There are many among us who got hooked on video games during the Nintendo 64 era, a period that is considered by many to be the golden age of gaming. How many started playing
Zelda with Ocarina of Time? How many consider Banjo-Kazooie and Banjo-Tooie to be some of the finest platformers of all gaming history? How many still hold Perfect Dark as the best shooter ever created? And how many hours have we spent discovering even the littlest of secrets of the charming worlds of Super Mario 64? Those are games that will always remain as classics, that we will always find ourselves coming back to even as we ignore the latest entries in the Final Fantasy or Call of Duty sagas—even as we ignore more modern Mario games. This article is not about those giants that everyone knows and loves. This article is about the unsung heroes that haven`t gotten quite as much attention as they deserve: the Goemon games.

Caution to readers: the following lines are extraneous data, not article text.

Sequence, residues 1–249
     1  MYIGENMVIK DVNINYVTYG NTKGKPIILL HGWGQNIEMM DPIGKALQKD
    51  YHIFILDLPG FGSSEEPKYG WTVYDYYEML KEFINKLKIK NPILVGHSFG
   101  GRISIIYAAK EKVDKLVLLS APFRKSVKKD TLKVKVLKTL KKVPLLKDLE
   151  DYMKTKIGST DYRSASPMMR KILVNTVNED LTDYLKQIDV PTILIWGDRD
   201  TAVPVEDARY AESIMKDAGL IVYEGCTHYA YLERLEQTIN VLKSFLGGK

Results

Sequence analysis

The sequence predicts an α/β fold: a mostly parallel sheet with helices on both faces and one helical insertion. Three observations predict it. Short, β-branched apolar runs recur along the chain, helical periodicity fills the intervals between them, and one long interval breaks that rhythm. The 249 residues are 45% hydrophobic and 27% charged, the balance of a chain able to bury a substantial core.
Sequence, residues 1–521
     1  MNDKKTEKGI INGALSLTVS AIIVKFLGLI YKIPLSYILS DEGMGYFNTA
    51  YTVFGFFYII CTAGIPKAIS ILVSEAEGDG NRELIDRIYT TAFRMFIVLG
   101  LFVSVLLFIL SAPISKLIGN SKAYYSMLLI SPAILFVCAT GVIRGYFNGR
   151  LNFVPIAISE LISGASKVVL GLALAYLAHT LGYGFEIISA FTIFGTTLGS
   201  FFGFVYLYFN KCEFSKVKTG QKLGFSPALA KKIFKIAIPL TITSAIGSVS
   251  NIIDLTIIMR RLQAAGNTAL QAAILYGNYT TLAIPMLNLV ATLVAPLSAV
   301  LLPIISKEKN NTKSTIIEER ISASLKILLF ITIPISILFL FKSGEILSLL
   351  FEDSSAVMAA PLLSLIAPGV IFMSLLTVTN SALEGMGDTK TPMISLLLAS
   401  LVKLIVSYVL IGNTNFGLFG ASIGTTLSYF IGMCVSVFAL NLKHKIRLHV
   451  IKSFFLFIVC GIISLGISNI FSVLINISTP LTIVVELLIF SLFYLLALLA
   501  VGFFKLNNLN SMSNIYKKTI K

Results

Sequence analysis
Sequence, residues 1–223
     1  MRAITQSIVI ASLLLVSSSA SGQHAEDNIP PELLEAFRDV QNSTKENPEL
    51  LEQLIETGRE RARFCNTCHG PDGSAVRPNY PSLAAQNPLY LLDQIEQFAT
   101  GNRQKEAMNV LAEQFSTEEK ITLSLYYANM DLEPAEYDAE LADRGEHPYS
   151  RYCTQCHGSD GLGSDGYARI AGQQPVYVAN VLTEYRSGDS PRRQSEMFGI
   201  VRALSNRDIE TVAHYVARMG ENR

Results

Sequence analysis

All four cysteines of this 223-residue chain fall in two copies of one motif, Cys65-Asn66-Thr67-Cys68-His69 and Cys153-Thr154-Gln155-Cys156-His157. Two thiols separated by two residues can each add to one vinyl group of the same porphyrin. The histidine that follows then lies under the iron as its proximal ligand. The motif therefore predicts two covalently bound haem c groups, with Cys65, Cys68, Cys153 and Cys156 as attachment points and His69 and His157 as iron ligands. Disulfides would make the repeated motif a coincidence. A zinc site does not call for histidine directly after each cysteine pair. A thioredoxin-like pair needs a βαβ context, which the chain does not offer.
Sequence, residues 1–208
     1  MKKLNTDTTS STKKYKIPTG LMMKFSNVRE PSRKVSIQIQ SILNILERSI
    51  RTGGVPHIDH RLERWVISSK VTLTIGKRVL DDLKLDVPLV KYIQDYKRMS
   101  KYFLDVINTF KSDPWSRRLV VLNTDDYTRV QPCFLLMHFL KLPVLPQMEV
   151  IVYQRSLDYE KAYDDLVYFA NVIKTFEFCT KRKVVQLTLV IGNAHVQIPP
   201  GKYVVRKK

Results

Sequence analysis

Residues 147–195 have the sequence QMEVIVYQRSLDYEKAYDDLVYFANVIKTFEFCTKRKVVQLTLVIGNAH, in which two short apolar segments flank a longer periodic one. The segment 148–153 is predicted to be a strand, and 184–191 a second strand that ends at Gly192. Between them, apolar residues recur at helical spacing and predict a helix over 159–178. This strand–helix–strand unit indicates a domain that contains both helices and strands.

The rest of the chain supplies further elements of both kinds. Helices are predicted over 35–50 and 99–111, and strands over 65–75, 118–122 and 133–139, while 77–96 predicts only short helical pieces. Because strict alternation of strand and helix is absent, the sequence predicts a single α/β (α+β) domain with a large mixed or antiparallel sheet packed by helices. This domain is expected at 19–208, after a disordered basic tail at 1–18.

This franchise, originally known as
Ganbare Goemon!, was created by Konami in 1986 with the release of Mr. Goemon, an arcade machine game (which you can now play on Xbox Live). The main character was based on Japan’s famous thief of the same name, and was set in a feudal Japan where every piece of Japanese folklore and myth roams free upon the land, from kappas to tengus and kabuki fighters. The first installments were mainly beat ’em up sidescrollers, and the NES and SNES saw a fair bit of them—although these games have spawned throughout almost every console, from the PlayStation to the Nintendo DS. However, the games I’m going to talk about today are what I consider to be the finest of the franchise: those of the Nintendo 64 era.

The first of these games,